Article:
The Use of Text Messaging to Improve Adherence and Functioning in Psychiatric Patients
AdvisorStorr, Carla L.
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AbstractBackground: Failure to attend psychiatric appointments can lead to poor medication adherence, relapse into crisis and/or re-hospitalization, or dropping out of treatment altogether. Changes are called for in the way clinicians and their practices can use technology to level the playing field in terms of health disparities, remove barriers to communication, decrease stigma, and assist in building self-efficacy and confidence in the treatment system. Purpose: To explore whether text messaging can improve adherence and function in the adult psychiatric outpatient population. Methods and Results: A literature review demonstrated that psychiatry, as a discipline, has not fully embraced all that technology has to offer despite a limited number of studies showing phone interventions improved health outcomes. A pilot randomized texting intervention of 89 adult psychiatric patients was conducted at a non-profit outpatient mental health clinic in a large urban Mid-Atlantic metropolitan area. The intent to treat group (n=47) received text message appointment reminders in addition to regular reminder calls from the clinic's Front Desk, while the treatment as usual group (n=42) received the reminder phone calls only. Implications: Though the main outcomes of appointment and medication adherence in response to the text reminder intervention of this study did not achieve significance, the results were still generally in line with the literature, which demonstrates support for the use of text messaging technology in this way. This would suggest there is value in using text appointment reminders in practice for psychiatry/mental health. Because appointment adherence is a problem that plagues every type of healthcare practice, those that avail themselves of technology that provides text reminder capability will likely benefit in terms of improved appointment adherence. Regular attendance at appointments improves the patient-provider relationship which plays an important role in patients' medication adherence and overall stability and good health. This cannot help but cascade into improved well-being.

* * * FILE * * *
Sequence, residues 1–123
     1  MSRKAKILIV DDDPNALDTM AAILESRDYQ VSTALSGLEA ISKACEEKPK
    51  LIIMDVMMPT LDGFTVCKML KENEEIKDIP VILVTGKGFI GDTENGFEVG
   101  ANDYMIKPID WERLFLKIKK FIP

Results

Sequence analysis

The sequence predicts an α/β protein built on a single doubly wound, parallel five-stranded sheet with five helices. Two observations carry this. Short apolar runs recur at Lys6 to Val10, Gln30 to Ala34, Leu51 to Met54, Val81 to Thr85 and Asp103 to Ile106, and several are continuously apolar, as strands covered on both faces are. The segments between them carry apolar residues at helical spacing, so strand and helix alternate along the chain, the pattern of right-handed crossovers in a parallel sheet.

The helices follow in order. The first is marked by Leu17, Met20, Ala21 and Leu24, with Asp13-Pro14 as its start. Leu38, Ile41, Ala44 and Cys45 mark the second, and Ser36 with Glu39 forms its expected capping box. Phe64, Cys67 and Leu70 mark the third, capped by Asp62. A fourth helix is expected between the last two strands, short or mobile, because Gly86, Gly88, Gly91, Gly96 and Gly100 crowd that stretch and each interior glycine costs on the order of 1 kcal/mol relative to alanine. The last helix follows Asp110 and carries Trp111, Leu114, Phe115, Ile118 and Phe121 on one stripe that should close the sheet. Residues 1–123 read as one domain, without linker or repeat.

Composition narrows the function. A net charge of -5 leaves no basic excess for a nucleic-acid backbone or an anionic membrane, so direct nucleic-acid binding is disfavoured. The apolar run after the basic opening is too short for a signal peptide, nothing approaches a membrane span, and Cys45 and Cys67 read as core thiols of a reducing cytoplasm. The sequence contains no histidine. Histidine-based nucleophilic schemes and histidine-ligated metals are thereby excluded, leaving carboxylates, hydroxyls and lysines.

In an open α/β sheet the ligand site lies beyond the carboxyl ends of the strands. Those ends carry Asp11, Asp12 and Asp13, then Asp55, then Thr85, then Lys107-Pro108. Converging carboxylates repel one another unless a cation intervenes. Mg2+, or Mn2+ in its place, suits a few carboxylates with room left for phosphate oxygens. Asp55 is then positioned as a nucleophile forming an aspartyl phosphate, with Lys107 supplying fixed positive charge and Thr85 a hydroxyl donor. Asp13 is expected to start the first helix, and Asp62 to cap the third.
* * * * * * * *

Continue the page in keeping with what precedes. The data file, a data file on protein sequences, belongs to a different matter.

DescriptionUniversity of Maryland, Baltimore. Nursing. Ph.D. 2018
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